Stefano DellaVigna, John List, Ulrike Malmendier, Gautam Rao, 05 March 2014

The question of why people vote has intrigued social scientists for decades. This column discusses a model of voting due to social image motivations and presents empirical tests based on it. In this model, an individual would be motivated to vote because of an anticipation of being asked after the election. The results of a conducted field experiment suggest that the anticipation of being asked provides a large motivation to vote. In fact, the motivation is as large as being paid $5-15 to vote. Applying this methodology to other elections would provide more rigorous evidence about the validity of the proposed model.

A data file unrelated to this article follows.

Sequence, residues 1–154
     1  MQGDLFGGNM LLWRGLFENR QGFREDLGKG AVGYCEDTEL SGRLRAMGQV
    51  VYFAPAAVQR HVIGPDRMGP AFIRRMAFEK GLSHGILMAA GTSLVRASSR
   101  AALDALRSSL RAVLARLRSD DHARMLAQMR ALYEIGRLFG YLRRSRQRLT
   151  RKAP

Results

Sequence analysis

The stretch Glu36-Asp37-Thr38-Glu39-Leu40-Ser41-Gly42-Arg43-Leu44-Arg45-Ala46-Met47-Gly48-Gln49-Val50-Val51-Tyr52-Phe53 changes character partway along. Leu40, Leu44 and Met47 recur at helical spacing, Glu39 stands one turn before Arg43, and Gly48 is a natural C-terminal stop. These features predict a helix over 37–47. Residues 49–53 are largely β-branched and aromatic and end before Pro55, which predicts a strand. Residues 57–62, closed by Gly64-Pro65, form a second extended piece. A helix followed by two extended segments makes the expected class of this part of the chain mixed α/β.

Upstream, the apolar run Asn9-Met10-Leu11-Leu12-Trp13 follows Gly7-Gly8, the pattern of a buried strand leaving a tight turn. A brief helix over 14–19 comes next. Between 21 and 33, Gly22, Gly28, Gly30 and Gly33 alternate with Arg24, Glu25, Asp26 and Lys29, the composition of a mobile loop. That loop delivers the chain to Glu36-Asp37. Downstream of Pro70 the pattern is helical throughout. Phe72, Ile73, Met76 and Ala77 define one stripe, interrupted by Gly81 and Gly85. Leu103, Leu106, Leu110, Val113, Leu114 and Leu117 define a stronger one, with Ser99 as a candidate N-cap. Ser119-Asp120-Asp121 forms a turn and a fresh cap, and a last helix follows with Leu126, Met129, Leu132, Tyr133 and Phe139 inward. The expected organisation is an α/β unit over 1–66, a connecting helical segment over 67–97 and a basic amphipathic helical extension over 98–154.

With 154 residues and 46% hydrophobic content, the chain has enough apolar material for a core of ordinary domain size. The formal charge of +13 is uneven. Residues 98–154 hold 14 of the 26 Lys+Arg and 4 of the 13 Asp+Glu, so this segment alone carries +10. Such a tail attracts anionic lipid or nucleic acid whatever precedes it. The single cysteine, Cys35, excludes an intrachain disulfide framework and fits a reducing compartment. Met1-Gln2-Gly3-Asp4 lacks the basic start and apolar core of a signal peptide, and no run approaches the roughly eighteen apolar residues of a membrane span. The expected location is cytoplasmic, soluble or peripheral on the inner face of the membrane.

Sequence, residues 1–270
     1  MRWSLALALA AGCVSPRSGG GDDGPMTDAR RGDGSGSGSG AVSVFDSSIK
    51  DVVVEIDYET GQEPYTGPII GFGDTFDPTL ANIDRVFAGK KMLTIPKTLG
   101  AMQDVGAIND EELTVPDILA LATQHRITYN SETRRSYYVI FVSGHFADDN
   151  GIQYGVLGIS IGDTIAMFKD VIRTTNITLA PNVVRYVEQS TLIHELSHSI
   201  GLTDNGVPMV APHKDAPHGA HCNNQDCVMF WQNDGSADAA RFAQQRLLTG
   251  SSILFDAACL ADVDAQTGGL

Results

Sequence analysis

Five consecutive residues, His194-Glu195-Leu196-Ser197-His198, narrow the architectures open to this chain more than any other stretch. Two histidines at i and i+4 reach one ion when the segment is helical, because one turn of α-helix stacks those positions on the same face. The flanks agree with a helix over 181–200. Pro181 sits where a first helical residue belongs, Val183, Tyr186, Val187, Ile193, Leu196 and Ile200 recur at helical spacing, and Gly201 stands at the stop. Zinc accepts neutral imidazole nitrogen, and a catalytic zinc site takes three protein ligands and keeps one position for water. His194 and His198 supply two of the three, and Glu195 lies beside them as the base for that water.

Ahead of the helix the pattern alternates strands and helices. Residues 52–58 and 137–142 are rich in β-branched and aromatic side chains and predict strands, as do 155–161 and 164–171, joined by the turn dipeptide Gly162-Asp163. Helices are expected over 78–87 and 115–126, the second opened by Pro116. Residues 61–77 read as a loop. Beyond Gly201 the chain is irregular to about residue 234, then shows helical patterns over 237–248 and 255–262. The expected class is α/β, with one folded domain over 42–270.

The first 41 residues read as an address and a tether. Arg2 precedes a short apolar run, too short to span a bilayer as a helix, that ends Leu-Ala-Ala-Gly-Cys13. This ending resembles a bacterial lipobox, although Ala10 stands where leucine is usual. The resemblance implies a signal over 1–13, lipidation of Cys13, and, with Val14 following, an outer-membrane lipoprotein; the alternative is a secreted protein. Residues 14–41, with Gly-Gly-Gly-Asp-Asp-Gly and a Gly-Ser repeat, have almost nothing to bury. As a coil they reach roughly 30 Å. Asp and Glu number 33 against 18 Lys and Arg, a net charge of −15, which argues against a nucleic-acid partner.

Events

  • 17 - 18 August 2019 / Peking University, Beijing / Chinese University of Hong Kong – Tsinghua University Joint Research Center for Chinese Economy, the Institute for Emerging Market Studies at Hong Kong University of Science and Technology, the Guanghua School of Management at Peking University, the Stanford Center on Global Poverty and Development at Stanford University, the School of Economics and Management at Tsinghua University, BREAD, NBER and CEPR
  • 19 - 20 August 2019 / Vienna, Palais Coburg / WU Research Institute for Capital Markets (ISK)
  • 29 - 30 August 2019 / Galatina, Italy /
  • 4 - 5 September 2019 / Roma Eventi, Congress Center, Pontificia Università Gregoriana Piazza della Pilotta, 4, Rome, Italy / European Center of Sustainable Development , CIT University
  • 9 - 14 September 2019 / Guildford, Surrey, UK / The University of Surrey

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